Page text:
101_0212In our society we do not openly acknowledge the physical and psychological pain endured in pregnancy and birth or even the real possibility of death during labour. In many ways as a society, we’ve handed over all responsibility for childbirth to the medical profession.

It took me over four years to write about the birth of my first-born as the whole experience was so traumatic. But it was the start of my journey to recovery.,

The importance of control

When mothers feel they have lost control over their birth experience, it can feel almost apocalyptic; even though they may have given birth to a healthy baby, they can still grieve for the death of the birth they never had. Adrienne Rich in Of Woman Born (1976) distinguishes between two types of pain: 1) suffering – as in the healthy contractions in a normal, natural labour – and 2) affliction – as in a labour where a mother feels powerless and out of control:

‘…..where it is unavoidable, pain can be transformed into something usable, something which takes us beyond the limits of the experience itself into a further grasp of the essentials of life and the possibilities within us. However, over and over she [Simone Weil] equates pure affliction with powerlessness, with waiting, disconnectedness, inertia, the “fragmented time” of one who is at others’ disposal. This insight illuminates much of the female condition, but in particular of giving birth.’

Poetry to the rescue. Again

I wrote a poem in the third person as a series of snapshots over the week of my son’s birth. By concentrating on the visual, not the emotions – my usual starting point for writing – I’ve been much more able to accept how dark it all was and find a real compassion for myself back then. I’ve called it ‘The End but not the Means’ for obvious reasons.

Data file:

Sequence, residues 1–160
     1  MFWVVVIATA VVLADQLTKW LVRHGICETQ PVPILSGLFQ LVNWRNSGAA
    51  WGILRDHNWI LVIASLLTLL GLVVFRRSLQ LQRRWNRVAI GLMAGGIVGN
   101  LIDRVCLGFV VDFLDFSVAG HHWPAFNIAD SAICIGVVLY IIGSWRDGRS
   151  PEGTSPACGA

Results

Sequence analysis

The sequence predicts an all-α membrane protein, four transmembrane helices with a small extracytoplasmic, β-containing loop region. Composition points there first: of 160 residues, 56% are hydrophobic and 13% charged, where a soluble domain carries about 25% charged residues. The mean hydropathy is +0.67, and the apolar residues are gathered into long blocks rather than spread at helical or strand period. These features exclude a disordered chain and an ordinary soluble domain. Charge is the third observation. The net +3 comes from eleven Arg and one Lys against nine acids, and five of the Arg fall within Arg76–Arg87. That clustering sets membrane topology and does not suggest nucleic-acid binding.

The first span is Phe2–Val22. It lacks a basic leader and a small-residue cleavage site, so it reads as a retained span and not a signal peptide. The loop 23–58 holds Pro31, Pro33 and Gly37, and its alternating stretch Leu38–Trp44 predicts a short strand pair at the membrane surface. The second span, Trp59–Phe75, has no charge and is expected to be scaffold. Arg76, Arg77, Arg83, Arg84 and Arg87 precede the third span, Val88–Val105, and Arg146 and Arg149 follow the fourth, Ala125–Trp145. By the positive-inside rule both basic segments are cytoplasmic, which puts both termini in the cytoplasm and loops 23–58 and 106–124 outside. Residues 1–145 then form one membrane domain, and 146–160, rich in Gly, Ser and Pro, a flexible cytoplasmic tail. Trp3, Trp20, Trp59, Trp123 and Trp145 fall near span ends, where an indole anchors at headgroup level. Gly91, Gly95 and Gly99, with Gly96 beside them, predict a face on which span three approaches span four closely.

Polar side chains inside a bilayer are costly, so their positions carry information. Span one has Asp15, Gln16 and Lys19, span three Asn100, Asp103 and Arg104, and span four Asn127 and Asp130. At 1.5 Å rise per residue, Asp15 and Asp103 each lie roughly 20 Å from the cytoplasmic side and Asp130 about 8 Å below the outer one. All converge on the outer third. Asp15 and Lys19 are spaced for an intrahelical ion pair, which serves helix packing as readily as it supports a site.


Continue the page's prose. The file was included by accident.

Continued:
The End but not the Means

Bright blue veins stretch a map across her belly,

giving no indication what’s happening underground.

Her hand cups the full-moon, the cusp of new life;

the woman dreams as cells are dividing, beginning.

 

A sudden panic of white coats round a monitor,

two on their phones, the others inflated with facts.

The woman no longer exists, she’s just a vessel grown in size

with the same pale hand now gripping on for life.

 

A curtain cuts her clean in half, a foretaste of the scar.

Tears stream from her unseeing drug-fogged eyes.

Bright fluorescent lights and Technicolor red:

waterfalls, rivulets, forceps and a beck.

 

An oxygen mask hides her face, cannulas cover her arms,

a latex glove wields a thread, pulls the gash taught and tight.

One hand holds a purple, glistening tiny fist,

the other strokes dark wet hair on hospital-issue white.

 

A score of cards displayed randomly on the shelf, the wall, the door.

Late morning sun pervades their bedroom: a yellow halo glow

surrounding three heads on the pillows leaning in to touch,

all unaware of this moment of calm: hand in hand in hand.

(c) Kaye Heyes 2013

About Kaye Heyes

In her practice Kaye Heyes promotes the power of words to transform mothers’ experience of post natal depression and traumatic births. She focuses on three areas: use of language when talking about lived experience, changing self-talk and creative writing as therapeutic practice. From November …Read more

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